USDA Sodium Recommendations – What Are They and Why Should You Care?

The United States Drug Administration has made its fair share of mistakes, and, in fact, still the many USDA guidelines and recommendations are reliably important in maintaining a healthy balance of salt and water in your oceanic body.

Let's go back to your school days (it was not that long ago, right?) And try to remember one of your most dangerous classes: Chemistry.

Chemically speaking, sodium in its pure form, is not a stable element, as it is volatile in water (of course dependent on the quantity involved in the exposure), but, as a compound, it exists as Sodium Chloride, better known as good 'ol fashioned salt.

So, sodium is an element of salt, and common sense should tell you that regulating your intake of salt, you also control the amounts of sodium that is required for your body to function optimally. This leads me to your other favorite class, biology.

Sodium plays a significant role in regulating blood and body fluids, the transmission of nerve impulses, heart activity, and certain metabolic functions. As you can see, it does a lot more than spice up your already sodium-soaked lunch.

Your body makes an effort to maintain a balance of water and salt, and so, when you exceed the limit of sodium through salt-ridden junk or fast food, it has to correct that balance by creating a sense of thirst. Of course, when it gets out of control as the sodium intake has far exceeded the limit for too long, it is then that we develop extreme conditions. So it is vital to pay attention to the balance of drinking water and regulating the amount of sodium that we consume on a day-to-day basis.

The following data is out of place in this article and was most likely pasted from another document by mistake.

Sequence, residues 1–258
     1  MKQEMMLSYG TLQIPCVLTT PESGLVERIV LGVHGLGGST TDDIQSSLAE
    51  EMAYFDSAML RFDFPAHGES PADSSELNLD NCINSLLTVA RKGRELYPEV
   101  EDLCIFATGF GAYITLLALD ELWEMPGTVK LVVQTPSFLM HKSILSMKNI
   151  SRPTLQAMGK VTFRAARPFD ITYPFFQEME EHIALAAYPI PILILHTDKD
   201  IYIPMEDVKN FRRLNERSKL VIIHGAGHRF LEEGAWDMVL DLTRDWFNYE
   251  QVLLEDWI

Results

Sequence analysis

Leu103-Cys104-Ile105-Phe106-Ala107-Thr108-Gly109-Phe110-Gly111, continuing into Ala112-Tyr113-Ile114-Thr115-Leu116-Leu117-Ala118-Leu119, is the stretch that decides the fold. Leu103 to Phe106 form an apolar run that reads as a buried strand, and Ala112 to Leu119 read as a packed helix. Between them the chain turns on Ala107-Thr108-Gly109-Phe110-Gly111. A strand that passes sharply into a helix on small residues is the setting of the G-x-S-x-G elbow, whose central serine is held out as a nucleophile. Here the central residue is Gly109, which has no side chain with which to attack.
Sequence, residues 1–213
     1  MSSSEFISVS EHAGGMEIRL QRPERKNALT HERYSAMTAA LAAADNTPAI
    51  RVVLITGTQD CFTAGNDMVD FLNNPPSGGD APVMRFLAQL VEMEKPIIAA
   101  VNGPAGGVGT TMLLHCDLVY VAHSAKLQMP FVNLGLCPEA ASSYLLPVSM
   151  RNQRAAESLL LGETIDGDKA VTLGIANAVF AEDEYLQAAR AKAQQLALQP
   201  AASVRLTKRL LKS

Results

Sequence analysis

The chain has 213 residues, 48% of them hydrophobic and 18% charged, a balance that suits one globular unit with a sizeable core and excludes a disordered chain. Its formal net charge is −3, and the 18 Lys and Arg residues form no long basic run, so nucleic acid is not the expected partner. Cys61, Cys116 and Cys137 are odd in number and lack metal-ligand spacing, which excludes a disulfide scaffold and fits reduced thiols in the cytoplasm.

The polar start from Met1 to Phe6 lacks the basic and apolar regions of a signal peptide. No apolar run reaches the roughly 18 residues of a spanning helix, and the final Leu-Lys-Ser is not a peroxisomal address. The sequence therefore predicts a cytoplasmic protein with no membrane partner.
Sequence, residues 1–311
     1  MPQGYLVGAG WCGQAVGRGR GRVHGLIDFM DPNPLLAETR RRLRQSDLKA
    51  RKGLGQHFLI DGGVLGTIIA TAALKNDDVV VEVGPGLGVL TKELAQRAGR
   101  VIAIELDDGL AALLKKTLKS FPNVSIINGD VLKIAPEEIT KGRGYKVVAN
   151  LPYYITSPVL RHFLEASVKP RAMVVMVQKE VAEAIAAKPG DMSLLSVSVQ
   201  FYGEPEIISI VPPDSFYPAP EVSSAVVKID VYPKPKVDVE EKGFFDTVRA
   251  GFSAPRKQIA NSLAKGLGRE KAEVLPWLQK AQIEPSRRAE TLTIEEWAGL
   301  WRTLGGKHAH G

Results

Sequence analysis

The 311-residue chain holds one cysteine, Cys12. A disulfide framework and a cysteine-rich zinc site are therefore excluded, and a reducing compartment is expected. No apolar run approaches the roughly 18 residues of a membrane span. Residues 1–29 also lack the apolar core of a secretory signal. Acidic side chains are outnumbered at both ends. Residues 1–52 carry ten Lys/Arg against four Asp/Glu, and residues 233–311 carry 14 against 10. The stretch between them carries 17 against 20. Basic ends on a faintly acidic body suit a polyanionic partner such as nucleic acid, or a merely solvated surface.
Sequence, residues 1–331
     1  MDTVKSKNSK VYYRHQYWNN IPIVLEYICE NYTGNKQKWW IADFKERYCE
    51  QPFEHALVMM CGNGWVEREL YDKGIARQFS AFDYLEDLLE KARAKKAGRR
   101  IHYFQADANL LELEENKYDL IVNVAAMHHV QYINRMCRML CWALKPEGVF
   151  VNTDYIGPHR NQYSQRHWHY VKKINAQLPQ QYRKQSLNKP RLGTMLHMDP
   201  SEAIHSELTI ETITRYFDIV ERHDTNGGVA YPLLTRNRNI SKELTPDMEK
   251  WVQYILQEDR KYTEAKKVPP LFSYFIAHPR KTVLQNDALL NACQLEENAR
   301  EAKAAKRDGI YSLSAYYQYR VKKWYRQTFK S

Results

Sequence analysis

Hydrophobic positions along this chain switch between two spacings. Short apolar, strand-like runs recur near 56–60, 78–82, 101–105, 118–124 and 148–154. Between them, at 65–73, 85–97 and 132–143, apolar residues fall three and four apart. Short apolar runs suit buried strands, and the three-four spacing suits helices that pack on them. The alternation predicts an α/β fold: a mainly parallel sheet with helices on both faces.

Finally, as per the USDA's recommendations, the maximum intake of sodium everyday should be limited to less than a teaspoon of salt or 2300 mg to be precise. That may look like a big number, but considering you can exceed that with ONE reliably nasty fast-food meal, it's definitely a number you should start paying attention to on the nutrition labels of the "foods" in your cart.

Seriously, grab just about anything in your house that came in a plastic bag or box – especially those with bright colors and CAPITALIZED health claims with exclusion points on the end – and check out the sodium per serving.

Remember, also, sodium is not all bad … extreme excesses of sodium are bad, so do not try and cut it out completely.